Cora, whose boring perfection quite matches Gilbert’s, turns out to be one of those exasperating 19th century daughters whose only response to parental neglect and mistreatment is to grovel still more abjectly, and immediately determines to ignore her father’s prohibition and return to New Orleans, to “comfort and sustain him”.

(On the other hand— Although she never reproaches him for his treatment of herself, I am pleased to be able to report that Cora angrily confronts and shames her father upon learning her mother’s history. It turns out that Leslie, unable to bear the silent misery and reproachful looks of his mistress after her daughter was taken from her, sold her to a man who desired her for the same position in his own household. Threatened with rape, Francilia committed suicide.)

Mortimer is appalled by Cora’s decision to return to Louisiana, knowing full well what will happen to her if she sets foot on Southern soil, but decides that the secret is not his to tell. Cora ends up travelling to New Orleans in company with Mortimer, Gilbert, Adelaide and Mrs Montressor, a situation that leads to a tangle of thwarted passions, violent outbursts and mixed motives.

Mortimer and his cousin Adelaide are indifferently engaged, fond of each other but marrying mostly to keep the family money and property together. However, Adelaide falls in love with Gilbert, who falls in love with Cora. This is hard enough for Adelaide to take when she and Cora are best friends, but when Cora’s real identity is revealed—and when it makes no difference at all to Gilbert’s feelings—his preference for Cora and his complete indifference to her become an insult that Adelaide cannot bear:

     “I insinuate nothing, Mr Margrave,” answered Adelaide. “I simply tell you that the—the person of whom you speak is no companion for me. Whatever friendship once existed between us is henceforth forever at an end—Cora Leslie is a slave!… African blood flows in her veins. She has never been emancipated; she is, therefore, as much a slave as the negroes upon her father’s plantation.”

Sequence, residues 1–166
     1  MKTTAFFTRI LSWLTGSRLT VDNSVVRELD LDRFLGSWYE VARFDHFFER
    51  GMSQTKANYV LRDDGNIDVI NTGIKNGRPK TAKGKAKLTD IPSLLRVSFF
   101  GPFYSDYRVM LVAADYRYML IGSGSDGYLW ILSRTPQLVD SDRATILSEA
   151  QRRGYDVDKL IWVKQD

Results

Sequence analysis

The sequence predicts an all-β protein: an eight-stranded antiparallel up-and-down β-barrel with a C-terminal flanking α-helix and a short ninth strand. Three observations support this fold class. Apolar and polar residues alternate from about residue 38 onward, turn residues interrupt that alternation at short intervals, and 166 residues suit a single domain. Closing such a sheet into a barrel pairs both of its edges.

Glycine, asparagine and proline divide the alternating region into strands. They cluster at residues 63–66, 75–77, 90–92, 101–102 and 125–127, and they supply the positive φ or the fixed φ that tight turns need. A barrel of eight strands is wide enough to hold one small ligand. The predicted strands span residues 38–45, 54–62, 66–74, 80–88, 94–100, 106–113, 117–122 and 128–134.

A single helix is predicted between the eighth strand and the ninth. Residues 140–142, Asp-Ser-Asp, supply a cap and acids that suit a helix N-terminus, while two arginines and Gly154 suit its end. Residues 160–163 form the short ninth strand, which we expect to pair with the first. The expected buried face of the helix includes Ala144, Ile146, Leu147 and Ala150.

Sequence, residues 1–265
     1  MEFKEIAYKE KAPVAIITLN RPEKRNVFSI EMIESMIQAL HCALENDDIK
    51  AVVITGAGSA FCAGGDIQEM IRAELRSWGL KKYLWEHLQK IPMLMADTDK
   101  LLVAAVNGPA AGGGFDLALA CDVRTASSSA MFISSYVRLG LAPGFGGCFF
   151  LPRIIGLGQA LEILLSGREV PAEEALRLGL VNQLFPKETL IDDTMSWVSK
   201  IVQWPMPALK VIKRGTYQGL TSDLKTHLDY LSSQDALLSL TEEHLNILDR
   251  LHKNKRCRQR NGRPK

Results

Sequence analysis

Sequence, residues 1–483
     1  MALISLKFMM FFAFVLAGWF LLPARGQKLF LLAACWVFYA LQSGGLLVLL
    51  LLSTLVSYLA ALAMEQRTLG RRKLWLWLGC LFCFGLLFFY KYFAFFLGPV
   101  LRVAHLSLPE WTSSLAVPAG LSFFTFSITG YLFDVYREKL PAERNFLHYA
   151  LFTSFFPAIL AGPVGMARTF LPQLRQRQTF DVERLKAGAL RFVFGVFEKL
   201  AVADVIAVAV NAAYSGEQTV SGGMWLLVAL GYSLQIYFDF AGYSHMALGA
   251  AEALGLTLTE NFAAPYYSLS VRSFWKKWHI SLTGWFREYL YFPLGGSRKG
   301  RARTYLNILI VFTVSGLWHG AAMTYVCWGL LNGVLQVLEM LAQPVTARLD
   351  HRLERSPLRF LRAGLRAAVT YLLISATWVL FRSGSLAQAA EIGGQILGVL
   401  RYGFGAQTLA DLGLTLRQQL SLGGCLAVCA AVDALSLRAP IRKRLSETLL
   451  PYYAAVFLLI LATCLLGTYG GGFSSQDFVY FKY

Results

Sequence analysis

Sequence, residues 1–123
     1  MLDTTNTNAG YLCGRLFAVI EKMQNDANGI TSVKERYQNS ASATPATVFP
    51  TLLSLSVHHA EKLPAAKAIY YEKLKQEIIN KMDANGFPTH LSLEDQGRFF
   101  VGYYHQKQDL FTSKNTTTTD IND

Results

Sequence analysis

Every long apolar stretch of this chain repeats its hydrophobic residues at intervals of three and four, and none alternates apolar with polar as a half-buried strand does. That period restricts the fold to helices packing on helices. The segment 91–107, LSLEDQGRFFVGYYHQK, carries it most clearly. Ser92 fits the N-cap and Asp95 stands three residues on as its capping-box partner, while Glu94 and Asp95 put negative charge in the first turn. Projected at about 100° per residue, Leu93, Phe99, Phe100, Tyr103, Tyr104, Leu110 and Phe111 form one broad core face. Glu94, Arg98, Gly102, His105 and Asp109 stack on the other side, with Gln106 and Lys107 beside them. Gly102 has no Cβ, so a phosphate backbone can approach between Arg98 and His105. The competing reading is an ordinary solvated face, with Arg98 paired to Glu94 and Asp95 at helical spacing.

“I was led to believe something to this effect on the very night of your aunt’s ball in Grosvenor Square, Miss Horton. So far from this circumstance lessening my respect for Miss Leslie, I feel that it is rather exalted into a sentiment of reverence. She is no longer simply a beautiful woman; she henceforth becomes the lovely representative of an oppressed people.”

Meanwhile, Adelaide’s brother, Augustus, one of the novel’s two main villains and a real moustache-twirler if ever there was one, becomes sexually fixated upon Cora. When she spurns him in outrage and disgust, he becomes obsessed with the idea of possessing and degrading her. He gets his chance when Villain #2, Silas Craig, a career plotter with a chip on his shoulder whose financial machinations are extremely numerous and generally illegal, pulls the rug out from under Gerald Leslie. (It was Craig to whom Leslie sold Francilia, who killed herself rather than let him touch her.) Leslie’s financial ruin is the outcome of a deep-laid scheme by Craig, who hates the plantation owner with a passion, and which climaxes in Leslie’s forced eviction and the sale of all his property:

     For some moments there was a pause. Several amongst the crowd asked what the next lot was to be. The voice of the auctioneer responded from his rostrum, “The Octoroon girl, Cora!”
     Again there was a pause. There were few there who did not know the story of Gerald Leslie and his daughter, and every one present seemed to draw a long breath. The Octoroon emerged from a group of slaves, behind whom she had been hidden, and slowly ascended the platform.
     Never in her happiest day—never when surrounded by luxury, when surfeited by adulation and respect, had Cora Leslie looked more lovely than to-day. Her face was whiter than marble, her large dark eyes were shrouded beneath their drooping lids, fringed with long and silken lashes; her rich wealth of raven hair had been loosened by the rude hands of an overseer, and fell in heavy masses far below her waist; her slender yet rounded figure was set off by the soft folds of her simple cambric dress, which displayed her shoulders and arms in all their statuesque beauty…

A bidding war erupts between Gilbert and Augustus Horton, but Gilbert is hampered by the necessity for immediate payment: he goes to his limit of $30,000, only for the obsessed Augustus to buy Cora for the sum of $50,000.